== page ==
The servants pick up the king's question about whether or not Ammon is a mere mortal. They indicate that they cannot say, although the as much as make him divine in the last verse. As servants, these men would be loathe to place themselves in a position where they might possibly be seen as contradicting the king, so they hedge their answer. In spite of that, they are of the clear opinion that they have witnessed something miraculous.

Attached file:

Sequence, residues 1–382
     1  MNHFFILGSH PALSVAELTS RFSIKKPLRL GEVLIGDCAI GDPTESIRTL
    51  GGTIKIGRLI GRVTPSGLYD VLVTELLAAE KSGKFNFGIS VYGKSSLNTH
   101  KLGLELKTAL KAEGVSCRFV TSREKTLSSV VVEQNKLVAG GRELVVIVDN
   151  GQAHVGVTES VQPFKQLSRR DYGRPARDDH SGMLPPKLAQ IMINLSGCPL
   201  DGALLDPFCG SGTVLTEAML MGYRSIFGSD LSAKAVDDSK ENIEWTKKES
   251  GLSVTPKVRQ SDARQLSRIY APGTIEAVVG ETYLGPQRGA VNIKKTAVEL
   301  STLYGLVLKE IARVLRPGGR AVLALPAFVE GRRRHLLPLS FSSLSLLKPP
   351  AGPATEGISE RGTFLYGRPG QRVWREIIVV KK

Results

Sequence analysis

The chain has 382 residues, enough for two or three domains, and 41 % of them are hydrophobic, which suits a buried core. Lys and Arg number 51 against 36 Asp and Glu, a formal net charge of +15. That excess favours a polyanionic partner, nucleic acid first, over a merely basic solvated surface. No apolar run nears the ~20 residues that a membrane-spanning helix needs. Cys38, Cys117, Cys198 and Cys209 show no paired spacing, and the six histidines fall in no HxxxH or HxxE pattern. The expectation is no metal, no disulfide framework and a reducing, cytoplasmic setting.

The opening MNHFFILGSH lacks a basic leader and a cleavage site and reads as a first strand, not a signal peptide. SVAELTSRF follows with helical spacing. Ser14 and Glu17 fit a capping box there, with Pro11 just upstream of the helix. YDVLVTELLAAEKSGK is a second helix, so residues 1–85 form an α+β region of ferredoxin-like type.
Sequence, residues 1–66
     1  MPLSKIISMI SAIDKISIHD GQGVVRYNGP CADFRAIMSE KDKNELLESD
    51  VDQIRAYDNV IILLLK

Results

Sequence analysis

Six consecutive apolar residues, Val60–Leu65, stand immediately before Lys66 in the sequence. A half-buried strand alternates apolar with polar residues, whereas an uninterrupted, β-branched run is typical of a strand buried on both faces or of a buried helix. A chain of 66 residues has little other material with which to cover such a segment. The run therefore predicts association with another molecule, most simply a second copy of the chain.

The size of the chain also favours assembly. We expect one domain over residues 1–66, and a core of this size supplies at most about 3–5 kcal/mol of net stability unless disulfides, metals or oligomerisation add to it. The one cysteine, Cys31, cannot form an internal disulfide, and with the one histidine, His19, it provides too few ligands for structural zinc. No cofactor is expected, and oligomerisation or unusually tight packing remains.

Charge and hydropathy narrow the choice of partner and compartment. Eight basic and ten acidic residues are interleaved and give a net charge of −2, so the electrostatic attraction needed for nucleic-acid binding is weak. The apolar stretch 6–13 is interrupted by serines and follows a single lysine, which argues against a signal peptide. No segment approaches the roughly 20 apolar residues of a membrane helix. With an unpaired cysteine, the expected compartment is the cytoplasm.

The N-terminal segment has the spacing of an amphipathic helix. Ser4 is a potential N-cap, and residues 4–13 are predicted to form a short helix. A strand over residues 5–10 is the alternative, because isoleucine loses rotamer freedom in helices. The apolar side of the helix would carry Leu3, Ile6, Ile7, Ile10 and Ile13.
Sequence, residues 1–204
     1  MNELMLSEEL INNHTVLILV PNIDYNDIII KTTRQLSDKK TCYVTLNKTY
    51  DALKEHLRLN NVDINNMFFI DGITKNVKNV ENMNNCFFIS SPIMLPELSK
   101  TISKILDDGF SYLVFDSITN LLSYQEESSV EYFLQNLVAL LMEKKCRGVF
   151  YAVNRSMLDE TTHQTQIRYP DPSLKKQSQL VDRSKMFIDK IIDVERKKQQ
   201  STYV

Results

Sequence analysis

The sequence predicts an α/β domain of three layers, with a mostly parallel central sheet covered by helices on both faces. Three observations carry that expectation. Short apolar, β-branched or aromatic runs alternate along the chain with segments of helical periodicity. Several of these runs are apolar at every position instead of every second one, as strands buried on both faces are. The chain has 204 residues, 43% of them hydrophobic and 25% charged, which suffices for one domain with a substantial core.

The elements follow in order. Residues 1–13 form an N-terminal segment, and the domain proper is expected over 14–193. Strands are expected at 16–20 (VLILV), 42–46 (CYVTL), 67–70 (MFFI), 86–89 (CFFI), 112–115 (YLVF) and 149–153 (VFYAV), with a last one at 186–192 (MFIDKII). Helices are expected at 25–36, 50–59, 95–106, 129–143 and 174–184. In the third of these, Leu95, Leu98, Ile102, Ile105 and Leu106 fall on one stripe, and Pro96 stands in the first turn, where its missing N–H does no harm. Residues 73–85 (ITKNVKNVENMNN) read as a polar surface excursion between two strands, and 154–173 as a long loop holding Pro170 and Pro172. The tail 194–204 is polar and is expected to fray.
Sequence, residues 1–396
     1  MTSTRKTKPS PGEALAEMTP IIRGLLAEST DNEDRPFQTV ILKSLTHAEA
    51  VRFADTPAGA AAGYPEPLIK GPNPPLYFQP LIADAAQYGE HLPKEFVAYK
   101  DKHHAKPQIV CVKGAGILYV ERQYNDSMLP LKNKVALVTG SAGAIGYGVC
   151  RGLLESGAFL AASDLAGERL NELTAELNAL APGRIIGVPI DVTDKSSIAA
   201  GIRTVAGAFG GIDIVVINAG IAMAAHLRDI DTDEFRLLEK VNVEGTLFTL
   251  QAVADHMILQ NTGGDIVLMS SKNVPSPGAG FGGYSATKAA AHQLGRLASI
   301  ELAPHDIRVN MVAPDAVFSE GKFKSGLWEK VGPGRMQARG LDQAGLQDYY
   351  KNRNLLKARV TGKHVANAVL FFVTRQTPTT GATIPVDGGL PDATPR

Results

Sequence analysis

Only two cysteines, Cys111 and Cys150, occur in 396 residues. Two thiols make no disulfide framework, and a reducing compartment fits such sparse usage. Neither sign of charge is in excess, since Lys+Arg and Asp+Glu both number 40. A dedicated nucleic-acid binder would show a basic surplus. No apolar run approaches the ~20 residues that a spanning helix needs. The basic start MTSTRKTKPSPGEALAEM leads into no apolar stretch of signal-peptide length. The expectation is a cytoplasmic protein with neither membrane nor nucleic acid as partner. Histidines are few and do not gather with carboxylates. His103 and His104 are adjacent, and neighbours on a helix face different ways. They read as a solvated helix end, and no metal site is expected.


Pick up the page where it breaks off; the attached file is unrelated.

One of the important comments made by the servants, a comment which will have some bearing on the rest of this story, is that they declare Ammon to be a friend of the king. Based solely on the miraculous power, the king is nervous. As noted, this is because powerful deities were notoriously unpredictable in creating blessings or havoc among the people. The servants opine on this point that the evidence suggests that Ammon is "a friend to the king." Of course this is important in the gaining of the trust of the king so that the process of teaching will be able to take place.